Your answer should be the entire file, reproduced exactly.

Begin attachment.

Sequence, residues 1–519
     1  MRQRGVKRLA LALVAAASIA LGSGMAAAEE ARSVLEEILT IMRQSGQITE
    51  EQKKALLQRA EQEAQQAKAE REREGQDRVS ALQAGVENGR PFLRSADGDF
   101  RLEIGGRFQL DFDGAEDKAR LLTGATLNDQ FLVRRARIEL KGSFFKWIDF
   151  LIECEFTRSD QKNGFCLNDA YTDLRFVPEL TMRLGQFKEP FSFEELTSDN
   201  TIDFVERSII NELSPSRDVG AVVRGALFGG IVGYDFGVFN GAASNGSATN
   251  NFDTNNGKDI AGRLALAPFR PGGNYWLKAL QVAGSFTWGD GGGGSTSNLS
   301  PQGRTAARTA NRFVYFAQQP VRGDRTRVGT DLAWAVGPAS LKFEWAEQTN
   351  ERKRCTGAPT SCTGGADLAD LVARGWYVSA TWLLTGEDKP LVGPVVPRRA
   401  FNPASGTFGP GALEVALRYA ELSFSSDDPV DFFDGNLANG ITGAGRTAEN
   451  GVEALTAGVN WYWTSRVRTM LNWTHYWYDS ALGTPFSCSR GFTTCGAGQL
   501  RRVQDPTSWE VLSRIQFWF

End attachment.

Sequence, residues 1–519
     1  MRQRGVKRLA LALVAAASIA LGSGMAAAEE ARSVLEEILT IMRQSGQITE
    51  EQKKALLQRA EQEAQQAKAE REREGQDRVS ALQAGVENGR PFLRSADGDF
   101  RLEIGGRFQL DFDGAEDKAR LLTGATLNDQ FLVRRARIEL KGSFFKWIDF
   151  LIECEFTRSD QKNGFCLNDA YTDLRFVPEL TMRLGQFKEP FSFEELTSDN
   201  TIDFVERSII NELSPSRDVG AVVRGALFGG IVGYDFGVFN GAASNGSATN
   251  NFDTNNGKDI AGRLALAPFR PGGNYWLKAL QVAGSFTWGD GGGGSTSNLS
   301  PQGRTAARTA NRFVYFAQQP VRGDRTRVGT DLAWAVGPAS LKFEWAEQTN
   351  ERKRCTGAPT SCTGGADLAD LVARGWYVSA TWLLTGEDKP LVGPVVPRRA
   401  FNPASGTFGP GALEVALRYA ELSFSSDDPV DFFDGNLANG ITGAGRTAEN
   451  GVEALTAGVN WYWTSRVRTM LNWTHYWYDS ALGTPFSCSR GFTTCGAGQL
   501  RRVQDPTSWE VLSRIQFWF